How do you mean?

 

The high school parts were challenging in part because my own high school experience was trying to avoid any contact with my classmates, as this was rarely pleasant. Not a milieu for which I have a natural feel. I solved this in part by taking a cue from the Buffy the Vampire Slayer game and saying that the campaign was emulating a TV series, a la Buffy, Vampire Diaries, etc. So I only had to get in the head of TV versions of teens instead of actual teens.

 

It was still challenging to give each PC their own ongoing subplot, and to tie everything back to high school activities.Like, dating across rival cliques? Jaeda Magdalena, bad girl scion of the Aztec goddess Tlazolteotl, gets involved with Gary/Geirrod Vetterson, football hero and frost giant from Crosstown High. Fortunate;ly, I have good players who were willing to carry some of the load.

 

Dean Shomshak

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Our current teen hero game features a school within a school, with two rival schools, each with metahumans mixed into the student bodies, a team of trainee level villains sponsored by a master villain, multiple sets of Viper operatives, independant villain teams and personal rivals, hunteds and family business, so there's no shortage of angles to pursue. (granted, we're not using Ravenswood Academy) The setting is in New York City, so the population density of metahumans makes perfect sense. A setting out in the sticks, relatively speaking, puts some limitations on the GM, but limitations make for better art IMO.

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Personally, I'd just move the academy closer to the city. Or perhaps on the other side of a body of water.

 

The Great and Powerful Turtle would do his hero work primarily in NYC then head out over the water, usually at night, and people would lose sight of him. The public never figured out that he was based in Bayonne, NJ and neither did any of his fellow heroes until he chose to share the secret with someone after his first couple of decades adventuring.

 

Among other things, it saved him from the stigma of being from New Jersey.

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19 hours ago, AlgaeNymph said:

Oo!  Someone remembers Ms. Crone!  🤩
 

Obviously one of my favorites; I like smart kids who have it all together.  🙃

 

I figure if you are going to play Champions half the fun is setting it in the Champions Universe!

This is a sort of "Sequel" game to an old Champions Campaign that ran for over 25 years.  All my current players played in that game and actually interacted with the "by the book" version of Ravenswood so in this game I advanced the Timeline for the new characters to keep it contemporary.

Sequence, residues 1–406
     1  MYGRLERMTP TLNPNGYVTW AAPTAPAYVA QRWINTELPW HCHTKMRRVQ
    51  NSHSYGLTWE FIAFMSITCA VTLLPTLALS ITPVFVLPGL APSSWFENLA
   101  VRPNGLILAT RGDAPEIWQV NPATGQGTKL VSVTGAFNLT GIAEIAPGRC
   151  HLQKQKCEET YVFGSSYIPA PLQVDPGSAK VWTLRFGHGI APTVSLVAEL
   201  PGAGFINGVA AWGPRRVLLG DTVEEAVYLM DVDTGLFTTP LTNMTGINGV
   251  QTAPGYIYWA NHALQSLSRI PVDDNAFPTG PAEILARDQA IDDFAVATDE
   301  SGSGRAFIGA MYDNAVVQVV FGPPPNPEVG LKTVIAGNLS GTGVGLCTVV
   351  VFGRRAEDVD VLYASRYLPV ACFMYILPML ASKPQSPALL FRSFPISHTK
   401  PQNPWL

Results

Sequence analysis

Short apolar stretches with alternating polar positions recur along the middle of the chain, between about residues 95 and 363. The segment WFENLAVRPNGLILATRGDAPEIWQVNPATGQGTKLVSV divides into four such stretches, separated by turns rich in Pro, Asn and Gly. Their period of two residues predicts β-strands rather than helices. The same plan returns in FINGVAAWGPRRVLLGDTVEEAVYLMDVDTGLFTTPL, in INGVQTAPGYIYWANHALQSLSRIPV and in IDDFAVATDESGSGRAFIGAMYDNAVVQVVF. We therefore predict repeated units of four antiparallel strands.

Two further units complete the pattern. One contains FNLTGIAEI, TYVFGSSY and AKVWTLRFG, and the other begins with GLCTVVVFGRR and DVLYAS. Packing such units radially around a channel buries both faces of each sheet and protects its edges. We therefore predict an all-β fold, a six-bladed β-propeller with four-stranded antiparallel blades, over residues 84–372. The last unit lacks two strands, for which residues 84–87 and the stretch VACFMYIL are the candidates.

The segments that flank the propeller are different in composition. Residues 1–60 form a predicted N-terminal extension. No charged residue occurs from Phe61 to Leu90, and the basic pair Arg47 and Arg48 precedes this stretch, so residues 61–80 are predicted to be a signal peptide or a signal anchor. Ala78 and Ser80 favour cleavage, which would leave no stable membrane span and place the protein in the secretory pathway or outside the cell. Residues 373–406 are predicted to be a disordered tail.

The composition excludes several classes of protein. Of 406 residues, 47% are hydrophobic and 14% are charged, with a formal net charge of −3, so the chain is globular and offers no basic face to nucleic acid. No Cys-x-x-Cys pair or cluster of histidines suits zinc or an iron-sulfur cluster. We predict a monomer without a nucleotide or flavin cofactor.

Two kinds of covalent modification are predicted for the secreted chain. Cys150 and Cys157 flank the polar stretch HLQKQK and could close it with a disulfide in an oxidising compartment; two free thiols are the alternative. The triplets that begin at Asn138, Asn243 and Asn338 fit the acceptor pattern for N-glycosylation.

Ms. Crone's 5E writeup mentioned that she knew she would be Headmistress and I knew there was going to be a lot of time shennanigans in my PC's future so why not stick to the Canon & reap the rewards?   (everyone keeps going on about to teenagers about how they are choosing their future, so I'm having several different futures show up with opinions.  I like that Headmistress Timmons has insight into what will be but comes by it differently than "conventional" time travelers.  It makes her a great Mentor figure in that she can help but can't solve the problems directly.)


As the old PCs had met the students statted out in Teen Champions and they have now graduated I also had to repopulate the school with "nontraditional" students of my own making.  But that is half the fun!

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On 9/22/2021 at 1:52 AM, DShomshak said:

Oh, hey, there's even a DC-TVU series on this premise: Stargirl. Inheritors of the legacy of the Justice Society of America vs. its old enemies of the Injustice Society, who have settled down in Blue Valley, Nebraska. Thing is, the villains have kids too -- most of whom don't know about their legacy.

 

Dean Shomshak

I *think* that was an annual. But I wouldn't swear to it.

 

Dean Shomshak

 

Shiv first appeared in the Stars & STRIPES mini-series and it's been awhile since I've checked out JSA, they did a LOT with JSA next generation.  While more young adults than teens go look at Infinity Inc, pre-CoIE. Young Justice is also a nice book, or at least the first series with Peter David and Todd Nauck. Naucks artwork really fit the teen tone at the time.

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Quote

Thing is, the villains have kids too -- most of whom don't know about their legacy.

 

Bastard kid of a supervillain is a terrific origin for a teen school.  Daddy might come looking for their kid one day.  Plus, is mom telling stories about that one night that BludSlash picked her up in the bar?  Kids will tease you about that kind of thing.

 

Another thought: one of the good scenes from Spider-Man Homecoming was when Peter dated the daughter of the Vulture and that scene in the car where daddy warns him.  Great drama there, for kids: nobody wants to date Holly because her daddy is The Dean of Death and she's miserable.